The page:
As rumours of their deaths were reported on al-Jazeera and al-Arabiya satellite television channels, joyful firing of rifles came from all points of the horizon. The cacophony was such as has not been heard since the closing days of the war in early April, when similar tracer fire sped across the same skyline as US forces fought their way through Baghdad.
The attack that killed Qusay and Uday Hussein could set off an immediate wave of retribution attacks, officials said, but the deaths should also embolden more Iraqis to come forward with critical information to energize the American military's antiguerrilla operations.
Fortunately the US military is already working to get better knowledge of the Baathists who are coordinating the opposition to the US occupation.
"You get a tip, you pull a couple of guys in, they start to talk," a Central Command official said. Then, based on that information, he said, "you do a raid, you confiscate some documents, you start building the tree" of contacts and "you start doing signals intercepts. And then you're into the network."
"The people are now coming to us with information," Maj. Gen. Raymond Odierno, commander of the 4th Infantry Division, told Abizaid in a briefing this week at Odierno's headquarters in Tikrit, Saddam's home town. "Every time we do an operation, more people come in."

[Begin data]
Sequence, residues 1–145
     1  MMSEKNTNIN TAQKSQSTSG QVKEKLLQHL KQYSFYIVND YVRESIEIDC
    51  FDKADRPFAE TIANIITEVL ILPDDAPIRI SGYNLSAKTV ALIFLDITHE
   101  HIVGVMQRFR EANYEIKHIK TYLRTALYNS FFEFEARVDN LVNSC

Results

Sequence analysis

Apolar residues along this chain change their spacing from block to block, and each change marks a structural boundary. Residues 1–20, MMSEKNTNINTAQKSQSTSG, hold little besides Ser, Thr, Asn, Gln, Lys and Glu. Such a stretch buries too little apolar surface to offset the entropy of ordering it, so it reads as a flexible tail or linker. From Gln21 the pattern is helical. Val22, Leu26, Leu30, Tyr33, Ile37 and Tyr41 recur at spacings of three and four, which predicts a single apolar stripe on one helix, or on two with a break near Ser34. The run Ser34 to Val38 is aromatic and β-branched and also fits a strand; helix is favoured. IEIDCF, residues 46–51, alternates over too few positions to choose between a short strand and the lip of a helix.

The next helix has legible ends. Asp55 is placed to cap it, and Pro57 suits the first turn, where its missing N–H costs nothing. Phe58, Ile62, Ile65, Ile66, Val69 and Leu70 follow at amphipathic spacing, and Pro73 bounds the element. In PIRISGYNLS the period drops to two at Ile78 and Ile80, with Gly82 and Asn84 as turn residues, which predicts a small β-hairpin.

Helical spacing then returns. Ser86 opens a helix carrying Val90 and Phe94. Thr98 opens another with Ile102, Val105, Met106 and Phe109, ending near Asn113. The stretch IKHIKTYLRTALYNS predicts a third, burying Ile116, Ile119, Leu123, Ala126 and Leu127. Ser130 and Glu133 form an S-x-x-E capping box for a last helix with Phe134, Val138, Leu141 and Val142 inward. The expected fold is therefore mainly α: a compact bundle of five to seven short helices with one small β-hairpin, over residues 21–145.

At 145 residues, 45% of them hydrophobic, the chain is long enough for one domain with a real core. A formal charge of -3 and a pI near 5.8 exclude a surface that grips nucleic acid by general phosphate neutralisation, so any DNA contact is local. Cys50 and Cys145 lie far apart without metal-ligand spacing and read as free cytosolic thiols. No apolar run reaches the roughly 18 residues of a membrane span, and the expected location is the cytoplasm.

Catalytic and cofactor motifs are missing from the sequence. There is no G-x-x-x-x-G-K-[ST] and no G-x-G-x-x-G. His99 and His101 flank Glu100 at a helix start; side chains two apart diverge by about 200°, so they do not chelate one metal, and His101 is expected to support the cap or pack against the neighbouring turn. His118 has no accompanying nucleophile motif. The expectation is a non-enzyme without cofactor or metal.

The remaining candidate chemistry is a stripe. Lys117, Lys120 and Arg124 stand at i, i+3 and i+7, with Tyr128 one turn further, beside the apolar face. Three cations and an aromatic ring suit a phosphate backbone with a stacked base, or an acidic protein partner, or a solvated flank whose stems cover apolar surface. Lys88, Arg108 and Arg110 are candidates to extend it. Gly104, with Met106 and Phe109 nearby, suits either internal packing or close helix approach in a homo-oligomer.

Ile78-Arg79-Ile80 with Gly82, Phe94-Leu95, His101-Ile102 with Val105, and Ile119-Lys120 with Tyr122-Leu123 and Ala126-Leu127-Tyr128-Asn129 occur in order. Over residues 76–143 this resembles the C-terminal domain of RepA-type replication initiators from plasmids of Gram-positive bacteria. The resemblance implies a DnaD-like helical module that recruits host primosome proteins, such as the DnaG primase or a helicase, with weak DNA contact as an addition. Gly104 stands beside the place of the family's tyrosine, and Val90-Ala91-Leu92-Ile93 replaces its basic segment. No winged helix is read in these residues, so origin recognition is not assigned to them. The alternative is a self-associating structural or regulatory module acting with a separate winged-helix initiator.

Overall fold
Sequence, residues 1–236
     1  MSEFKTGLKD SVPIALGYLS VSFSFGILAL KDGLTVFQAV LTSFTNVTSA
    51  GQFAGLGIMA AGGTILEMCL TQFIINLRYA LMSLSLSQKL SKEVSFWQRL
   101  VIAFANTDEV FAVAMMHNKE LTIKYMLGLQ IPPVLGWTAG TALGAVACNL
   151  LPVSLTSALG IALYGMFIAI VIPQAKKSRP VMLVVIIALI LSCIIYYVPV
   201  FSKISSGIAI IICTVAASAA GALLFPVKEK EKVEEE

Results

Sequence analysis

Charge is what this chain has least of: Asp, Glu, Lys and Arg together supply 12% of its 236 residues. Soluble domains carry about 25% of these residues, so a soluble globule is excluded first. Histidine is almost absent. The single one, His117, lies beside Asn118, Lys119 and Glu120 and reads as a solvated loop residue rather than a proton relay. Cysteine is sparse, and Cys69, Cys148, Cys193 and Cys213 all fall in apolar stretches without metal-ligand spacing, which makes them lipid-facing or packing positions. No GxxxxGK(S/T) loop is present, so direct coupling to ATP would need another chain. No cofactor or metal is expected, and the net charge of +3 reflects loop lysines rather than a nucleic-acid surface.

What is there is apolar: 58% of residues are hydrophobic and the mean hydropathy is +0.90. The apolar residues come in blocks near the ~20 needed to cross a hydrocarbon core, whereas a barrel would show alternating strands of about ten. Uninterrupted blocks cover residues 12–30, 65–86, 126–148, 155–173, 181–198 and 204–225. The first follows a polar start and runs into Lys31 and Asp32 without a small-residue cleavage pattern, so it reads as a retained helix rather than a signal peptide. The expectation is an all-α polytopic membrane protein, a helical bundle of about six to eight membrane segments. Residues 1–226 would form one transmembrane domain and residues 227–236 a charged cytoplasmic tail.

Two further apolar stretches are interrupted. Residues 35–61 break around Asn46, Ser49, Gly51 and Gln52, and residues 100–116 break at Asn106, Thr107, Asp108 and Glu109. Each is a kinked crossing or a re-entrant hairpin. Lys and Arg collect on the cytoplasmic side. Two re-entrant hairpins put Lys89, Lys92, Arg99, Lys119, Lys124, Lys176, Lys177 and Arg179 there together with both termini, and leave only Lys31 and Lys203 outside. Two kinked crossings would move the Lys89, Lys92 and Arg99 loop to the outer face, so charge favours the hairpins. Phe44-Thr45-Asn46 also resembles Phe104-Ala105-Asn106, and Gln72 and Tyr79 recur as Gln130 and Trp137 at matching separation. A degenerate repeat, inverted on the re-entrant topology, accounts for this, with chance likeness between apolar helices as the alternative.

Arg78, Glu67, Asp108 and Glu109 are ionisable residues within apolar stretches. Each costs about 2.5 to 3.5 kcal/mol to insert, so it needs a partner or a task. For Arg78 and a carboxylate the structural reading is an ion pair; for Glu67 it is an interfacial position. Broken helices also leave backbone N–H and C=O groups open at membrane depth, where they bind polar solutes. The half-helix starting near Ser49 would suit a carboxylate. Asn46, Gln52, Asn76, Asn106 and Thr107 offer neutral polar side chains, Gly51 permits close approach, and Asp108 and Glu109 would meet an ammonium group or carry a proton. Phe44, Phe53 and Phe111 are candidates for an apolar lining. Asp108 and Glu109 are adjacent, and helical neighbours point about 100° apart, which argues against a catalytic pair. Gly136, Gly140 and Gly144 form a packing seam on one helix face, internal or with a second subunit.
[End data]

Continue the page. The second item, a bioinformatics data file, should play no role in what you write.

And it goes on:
The US forces have shifted their emphasis away from interrogating top Baathists and toward going after the small fry. There are many lower level Baathists with useful information and US forces are now targetting them for interrogation and offers of money in exchange for information. The threat of being shipped to Guantanomo is proving to be an effective way to get lower level Baathists to talk.
Update: How well the US does in Iraq in stopping the on-going attacks and in creating a better government there depends very heavily on what the Iraqi people decide about the war and about the US occupation. A highly pertinent poll of people of Baghdad has just been released. The British polling organization YouGov polled people in Baghdad about the war and its aftermath.
What, though, do the people of Baghdad think of the Americans today, three months after they occupied their city? More people feel friendly (26 per cent) than hostile (18 per cent), but fully 50 per cent feel ‘neither friendly nor hostile’. GIs might feel relieved to learn that only 9 per cent of Baghdadians say they are ‘very hostile’ — but this small percentage amounts to about 250,000 adults. It would take only a tiny proportion of these to be armed, angry and willing to act to make life a continuing misery for the occupying forces.
The poll was conducted at 20 locations across Baghdad, with YouGov driving around to monitor progress. Some were by face-to-face interview, some by supervised self-completion. Watching the people of Baghdad set out their views was exhilarating; but the exhilaration jostled with fear. We heard gunfire or explosions nearly every hour. At one point a machine-gun was lifted in the air and several rounds fired off — which can mean a signal to fellow-terrorists that Westerners are in the area. We disappeared. Occasionally our interviewers were threatened, in one case with a gun.
|Share |||By Randall Parker at 2003 July 23 01:32 AM Mideast Iraq|